by Melchior Palyi
hat tip: Mises Daily
Wednesday, March 31, 2010
[Excerpted from chapter 2 of Compulsory Medical Care and the Welfare State (1950)]
Obligatory health insurance started moderately enough — in Prussia. Compulsion under a law of 1845 was left in the hands of municipal administrations, with no government subsidy involved and no contributions from employers. The antisocialist law of 1878 suppressed many of labor’s voluntary associations for sickness benefits. The next step was the governmentalization of the associations’ functions.
It was no mere accident that the ideological forefathers of Nazism, Adolf Wagner and Eugen Dühring, happened to be the “brain trusters” behind Bismarck’s “nationalistic socialism to end international socialism,” using his own terms. When, on January 1, 1884, his compulsory sickness scheme went into operation it literally started a new era — a new age in the history of welfarism.
Bismarck’s role in modern history is rarely spoken of nowadays. Undoubtedly, his political and administrative “genius” has shaped history down to our times. His revolutionary innovation in welfare policy was preceded five years before, in 1879, by the imposition of a protective tariff that started Europe’s internecine commercial warfare which endures to this day. And it was followed by the introduction in 1889 of universal military service covering even the middle-aged manhood. This started a rearmament race leading into total wars with the objective of annihilating entire nations.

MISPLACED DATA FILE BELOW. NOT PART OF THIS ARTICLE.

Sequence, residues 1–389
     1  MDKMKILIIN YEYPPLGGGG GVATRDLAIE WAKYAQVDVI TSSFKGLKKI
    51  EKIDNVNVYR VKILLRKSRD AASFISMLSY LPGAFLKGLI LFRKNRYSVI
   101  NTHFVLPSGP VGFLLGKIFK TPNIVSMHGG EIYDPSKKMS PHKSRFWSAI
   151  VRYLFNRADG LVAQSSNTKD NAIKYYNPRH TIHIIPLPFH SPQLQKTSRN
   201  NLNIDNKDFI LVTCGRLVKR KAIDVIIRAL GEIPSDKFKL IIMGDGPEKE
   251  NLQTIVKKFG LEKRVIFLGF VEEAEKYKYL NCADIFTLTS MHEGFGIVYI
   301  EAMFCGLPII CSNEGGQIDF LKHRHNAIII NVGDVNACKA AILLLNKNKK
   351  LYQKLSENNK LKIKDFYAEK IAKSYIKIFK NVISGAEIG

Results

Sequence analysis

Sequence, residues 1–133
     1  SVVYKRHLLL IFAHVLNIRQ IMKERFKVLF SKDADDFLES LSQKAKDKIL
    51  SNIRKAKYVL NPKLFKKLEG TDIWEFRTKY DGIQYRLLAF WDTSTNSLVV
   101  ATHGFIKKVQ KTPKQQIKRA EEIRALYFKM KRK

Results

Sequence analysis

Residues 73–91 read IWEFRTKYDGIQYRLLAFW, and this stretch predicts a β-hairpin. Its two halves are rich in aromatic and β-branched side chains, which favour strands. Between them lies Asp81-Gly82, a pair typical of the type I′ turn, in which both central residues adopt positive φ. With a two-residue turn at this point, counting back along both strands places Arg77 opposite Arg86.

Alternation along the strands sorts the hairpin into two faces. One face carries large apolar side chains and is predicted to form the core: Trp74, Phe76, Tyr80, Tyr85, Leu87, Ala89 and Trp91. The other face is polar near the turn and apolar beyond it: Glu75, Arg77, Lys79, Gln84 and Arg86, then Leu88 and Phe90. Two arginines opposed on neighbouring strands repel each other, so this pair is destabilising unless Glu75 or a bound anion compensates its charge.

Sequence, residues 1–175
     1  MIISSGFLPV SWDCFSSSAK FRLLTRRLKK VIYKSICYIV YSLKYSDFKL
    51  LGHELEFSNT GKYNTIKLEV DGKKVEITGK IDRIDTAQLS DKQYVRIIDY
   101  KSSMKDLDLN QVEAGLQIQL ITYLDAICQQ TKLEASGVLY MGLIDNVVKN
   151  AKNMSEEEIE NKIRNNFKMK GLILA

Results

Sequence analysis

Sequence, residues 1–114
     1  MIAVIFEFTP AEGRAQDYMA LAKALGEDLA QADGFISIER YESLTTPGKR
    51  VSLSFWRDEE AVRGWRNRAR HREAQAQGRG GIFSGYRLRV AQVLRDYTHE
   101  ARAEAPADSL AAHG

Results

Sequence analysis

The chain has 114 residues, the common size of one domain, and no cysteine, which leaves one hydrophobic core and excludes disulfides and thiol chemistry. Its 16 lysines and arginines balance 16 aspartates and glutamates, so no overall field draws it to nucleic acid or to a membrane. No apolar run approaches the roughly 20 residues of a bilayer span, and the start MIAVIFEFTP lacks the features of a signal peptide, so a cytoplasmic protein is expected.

The shrewd Iron Chancellor — the dictator in constitutional disguise, quoting M.J. Bonn’s epigram — meant to kill several birds with one stone when he embarked on his program of appeasing labor. The reason, announced in the November 17, 1881, message of Kaiser Wilhelm I, to offer something positive to labor, not merely the repression of socialists by police force, may have been born of genuine worry over the unrest of the working classes due to the long depression that had engulfed Europe since 1875. But the true motive has been pointed out in the penetrating Bismarck biography (Vol. III, pp. 370–71) of Erich Eyck:
To his mind the State, by aiding the workers, should not only fulfill the duty ordered by religion, but it should obtain in particular a claim on their thankfulness, a gratitude that was to be shown by loyalty to the government and by loyal progovernment votes in elections.
In other words, it was the old-fashioned attempt of the monarchy to ally itself with the plebs against the “aristocracy” in between the two. However, the social-insurance legislation did not stop the Marxists from returning in increasing parliamentary strength. The attempt to subdue the socialist movement by appeasement ended in a political fiasco.